Where’s Paul?

This time of year until about mid-February is very hectic for me with seminars and conferences that I attend and getting tax returns ready to be filed.  It seems that tax season starts earlier every year and that is perhaps the way it will always be (maybe with tax reform we will get some reprieve (NOT)).

Here is my schedule for the next few weeks with links if available:

  • On Wednesday of this week, I will be speaking in Bettendorf, Iowa at the Ag Finance Boot Camp.  I just recently became the past president of the Farm Financial Standards Council and this is my fourth year of being involved in putting on the boot camp.  It is designed to help farmers better understand their finances.  Here is a link to the boot camp.
  • Next Monday, I am in Cape Girardeau, Missouri at Southeast Missouri State University putting on a seminar on tax and entity planning.  It is sponsored by both FCS Financial and Progressive Farm Credit Services.
  • I then quickly drive up to Columbia, Missouri (there is no easy way to get there) to speak at the Commercial Farmer Symposium sponsored by FCS Financial.
  • After that, I have to drive back to St. Louis and catch a flight to Chicago for the Top Producer Conference.  I will be speaking there on both Wednesday and Thursday.
  • Thursday night, I fly to Minneapolis to give a seminar for United Prairie Bank in Owatonna on an Ag Policy Update.  I then fly home Friday night and try to get some tax returns finished.

Some of staff in the office teasingly say Where’s Paul/Waldo and I know that I was in a rental car last year for 102 days.  I tell my wife I will travel less this year but I don’t think she believes me either.

On a personal note, my wife and I purchased 186 acres near Dayton, Washington.  It has a house, barn, shed, bunk house, guest house and a cottage along with a pond and about 1,500 feet of Touchet River frontage.  If you are ever in our neck of the woods, let me know since we have plenty of room for you.  For those interested in seeing what it looks like, here is a link.  The plan is to grow some lavender on five acres and cattle on the other 20 acres of pasture and I already bought a tractor, a pick-up, an ATV and an UTV (this can get costly fast).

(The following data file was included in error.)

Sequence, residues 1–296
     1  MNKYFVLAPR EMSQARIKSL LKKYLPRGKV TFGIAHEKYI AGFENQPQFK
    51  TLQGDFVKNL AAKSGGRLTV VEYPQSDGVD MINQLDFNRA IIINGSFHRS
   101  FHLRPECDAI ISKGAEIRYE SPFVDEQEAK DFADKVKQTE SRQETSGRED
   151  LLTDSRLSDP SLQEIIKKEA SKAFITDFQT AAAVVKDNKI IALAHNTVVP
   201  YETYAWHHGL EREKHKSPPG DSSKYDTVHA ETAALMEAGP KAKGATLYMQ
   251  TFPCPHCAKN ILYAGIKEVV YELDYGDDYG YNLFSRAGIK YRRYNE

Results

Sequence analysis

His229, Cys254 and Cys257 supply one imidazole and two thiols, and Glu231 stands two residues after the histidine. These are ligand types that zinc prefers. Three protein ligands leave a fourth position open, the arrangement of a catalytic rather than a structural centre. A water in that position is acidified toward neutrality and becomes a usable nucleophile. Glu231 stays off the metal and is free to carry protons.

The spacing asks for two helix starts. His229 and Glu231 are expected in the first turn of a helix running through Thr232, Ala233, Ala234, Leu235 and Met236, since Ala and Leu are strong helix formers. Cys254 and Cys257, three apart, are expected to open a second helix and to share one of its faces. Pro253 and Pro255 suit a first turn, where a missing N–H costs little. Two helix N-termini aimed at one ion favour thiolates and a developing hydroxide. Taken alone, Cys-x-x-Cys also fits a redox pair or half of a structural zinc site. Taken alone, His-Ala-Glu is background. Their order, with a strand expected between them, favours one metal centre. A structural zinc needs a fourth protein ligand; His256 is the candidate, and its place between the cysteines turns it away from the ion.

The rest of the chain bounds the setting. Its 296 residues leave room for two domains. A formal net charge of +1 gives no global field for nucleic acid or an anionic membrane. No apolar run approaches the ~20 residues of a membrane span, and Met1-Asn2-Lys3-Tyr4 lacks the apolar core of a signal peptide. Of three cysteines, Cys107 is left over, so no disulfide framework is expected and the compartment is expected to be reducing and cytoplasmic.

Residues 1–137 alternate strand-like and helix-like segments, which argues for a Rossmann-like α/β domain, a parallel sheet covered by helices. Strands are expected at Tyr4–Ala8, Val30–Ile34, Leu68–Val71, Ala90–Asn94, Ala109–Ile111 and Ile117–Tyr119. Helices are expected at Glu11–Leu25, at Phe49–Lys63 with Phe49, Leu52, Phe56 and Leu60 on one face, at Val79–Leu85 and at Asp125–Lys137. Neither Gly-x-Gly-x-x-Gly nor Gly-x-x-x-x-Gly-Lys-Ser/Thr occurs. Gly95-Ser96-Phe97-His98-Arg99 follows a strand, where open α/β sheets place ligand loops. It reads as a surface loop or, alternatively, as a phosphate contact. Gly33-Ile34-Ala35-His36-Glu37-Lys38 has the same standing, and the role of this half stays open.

• Principal
  • CliftonLarsonAllen
  • Yakima, Washington
  • 509-823-2920

Paul Neiffer is a certified public accountant and business advisor specializing in income taxation, accounting services, and succession planning for farmers and agribusiness processors. Paul is a principal with CliftonLarsonAllen in Yakima, Washington, as well as a regular speaker at national conferences and contributor at agweb.com. Raised on a farm in central Washington, he has been immersed in the ag industry his entire life, including the last 30 years professionally. In fact, Paul drives a combine each summer for his cousins and that is what he considers a vacation.


after 40 years of farming, have decided to lease. (cash/flexible/ or share) want to be active in managing and using 179. Would like to see options for taxes. Thank you David Miller

To take Section 179, you would want to be as active as possible. I would suggest using a crop share arrangement.

I have a question for Paul. My dad and I have a LLC for the farm,50-50. I should buy him out but I don’t have the 50 thousand dollars that was agreed on, he is 75. We kept the land out of the LLC and I own about 600 acres. My 2 kids are 23 and 25 and they farm with me. My immediate concern is when my wife and I go on vacation we have nothing in place if something were to happen to both of us. I don’t want to divide the land between both kids because the farm needs it to operate. While I can’t afford to do anything elaborate right now I am looking for the best way to address the property situation for now if something were to happen.


Eric Svec

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